Ethical shopping & price


It’s commonly thought that buying ethically costs more. Tim Hunt put that belief to the test and finds the truth is more complex.



In most academic and market research there is a built in assumption that buying ethically is more expensive.

Academic paper after paper gives research findings on whether consumers are willing to pay more for ethical goods. And shoppers themselves perceive ‘ethically labelled’ products to be significantly more expensive even before they have seen the price).

However there are no references in these papers to studies into the actual price of ethical products. So we felt it was important to test the assumption that ethical goods are more expensive.

Price will, of course, always play an important role in people’s purchasing decisions. And most of the available research suggests that it's the factor people consider most important when purchasing a product.

With price playing such an large role in everyday shopping decisions it is important that ethical products are priced competitively in order to reach a mass market. Especially with the ethical market still only accounting for a tiny proportion of total sales.

For example, only around 5% of total UK food sales are for products with some ethical or environmental claims. According to DEFRA, 30% of UK consumers report that they are very concerned about environmental issues, but evidence from the ethical market demonstrates most fail to translate this concern into green purchases.

This is what’s known as the ‘attitude–behaviour gap’ or ‘values–action gap’


Speaking not spending

In 2008 research from the US found that 44% of consumers are willing to pay a premium price for green products, again suggesting that this gap exists, however the same research fails to identify whether ethical products really are more expensive.

A second study by Jorge Rivera in 2002 revealed a willingness to spend 20-50% more for hotel services. Again showing a belief that the ethical is always the more expensive as no actual price comparisons are given or referenced. So why is there this belief? Several academic studies conclude that ethical consumers are generally more affluent. a relatively high income, education, and social status.

In the last issue of Ethical Consumer, Luke Yates discusses a survey of 31,000 people in 21 European countries. It shows that in most EU countries those purchasing ethically come from higher social class, while boycotting is done by all classes. He comments that “this could reflect higher costs of ethical branded products and inequalities in access to good quality product labelling”.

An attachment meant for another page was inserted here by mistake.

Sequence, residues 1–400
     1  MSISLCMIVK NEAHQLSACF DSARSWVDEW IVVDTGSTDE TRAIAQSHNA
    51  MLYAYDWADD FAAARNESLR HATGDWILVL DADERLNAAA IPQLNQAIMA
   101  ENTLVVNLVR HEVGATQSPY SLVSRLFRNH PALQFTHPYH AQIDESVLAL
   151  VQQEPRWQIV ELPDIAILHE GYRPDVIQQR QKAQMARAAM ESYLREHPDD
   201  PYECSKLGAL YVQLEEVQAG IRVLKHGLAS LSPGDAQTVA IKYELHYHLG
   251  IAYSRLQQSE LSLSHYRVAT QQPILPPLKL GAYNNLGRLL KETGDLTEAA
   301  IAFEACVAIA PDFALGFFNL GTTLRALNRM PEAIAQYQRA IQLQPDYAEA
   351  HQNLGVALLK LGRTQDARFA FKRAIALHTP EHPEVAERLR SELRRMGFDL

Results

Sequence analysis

A different story

However other studies have found the opposite to be true that income and social class had no impact on spending habits regarding ethical consumption. A study by Katherine Sammer and Rolf Wüstenhagen revealed that consumers are willing to pay more for ‘A’ rated washing machines. But even this study later revealed that price was the most important factor in the consumers decision making and that the energy rating reflects the use phase financial costs of the machine i.e. the more efficient/greener they are the cheaper they are to run. It is also important to note that the study presumes that the highest rated machines were the most expensive without providing evidence for this. 

One study actually quotes an interviewee noting that Ethical Consumer Magazine “…said that the stereo systems which are best are the expensive ones … and I didn’t have eight hundred pounds.” The study concludes that “price often reduced the in?uence of interviewees’ green values in their decision making process,”  

But again no mention of the actual price of ethical goods.

There are a number of other barriers to ethical purchasing beyond price - brand strength, culture, demographic characteristics, habit, lack of information, lifestyles, personalities or trading off between different ethical factors.

But if price is the most important consideration overall for consumers it must be concluded that this is the most important barrier for the purchase of ethical goods. But is it actual prices, or the perception that ethical equals expensive?


The Real Price Deal on Ethical Goods

We have taken a number of product areas - white goods, electrical, cosmetics, utilities, clothing and food - and compared the average price of three brands with the worst ethiscore, with the average price of three brands with the best ethiscores.

We always tried to use like for like products.